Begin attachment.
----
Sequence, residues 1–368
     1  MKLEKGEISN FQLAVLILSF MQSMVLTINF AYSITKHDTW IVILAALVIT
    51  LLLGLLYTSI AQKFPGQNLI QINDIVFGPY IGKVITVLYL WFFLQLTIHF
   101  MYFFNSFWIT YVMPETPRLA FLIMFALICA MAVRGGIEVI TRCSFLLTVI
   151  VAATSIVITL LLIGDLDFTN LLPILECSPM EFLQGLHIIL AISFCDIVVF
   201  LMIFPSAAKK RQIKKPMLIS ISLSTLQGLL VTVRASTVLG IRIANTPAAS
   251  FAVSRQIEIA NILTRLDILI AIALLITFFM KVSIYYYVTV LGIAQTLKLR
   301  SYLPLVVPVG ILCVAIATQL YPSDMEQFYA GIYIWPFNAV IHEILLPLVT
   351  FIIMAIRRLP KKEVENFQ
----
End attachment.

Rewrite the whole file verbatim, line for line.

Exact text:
Sequence, residues 1–368
     1  MKLEKGEISN FQLAVLILSF MQSMVLTINF AYSITKHDTW IVILAALVIT
    51  LLLGLLYTSI AQKFPGQNLI QINDIVFGPY IGKVITVLYL WFFLQLTIHF
   101  MYFFNSFWIT YVMPETPRLA FLIMFALICA MAVRGGIEVI TRCSFLLTVI
   151  VAATSIVITL LLIGDLDFTN LLPILECSPM EFLQGLHIIL AISFCDIVVF
   201  LMIFPSAAKK RQIKKPMLIS ISLSTLQGLL VTVRASTVLG IRIANTPAAS
   251  FAVSRQIEIA NILTRLDILI AIALLITFFM KVSIYYYVTV LGIAQTLKLR
   301  SYLPLVVPVG ILCVAIATQL YPSDMEQFYA GIYIWPFNAV IHEILLPLVT
   351  FIIMAIRRLP KKEVENFQ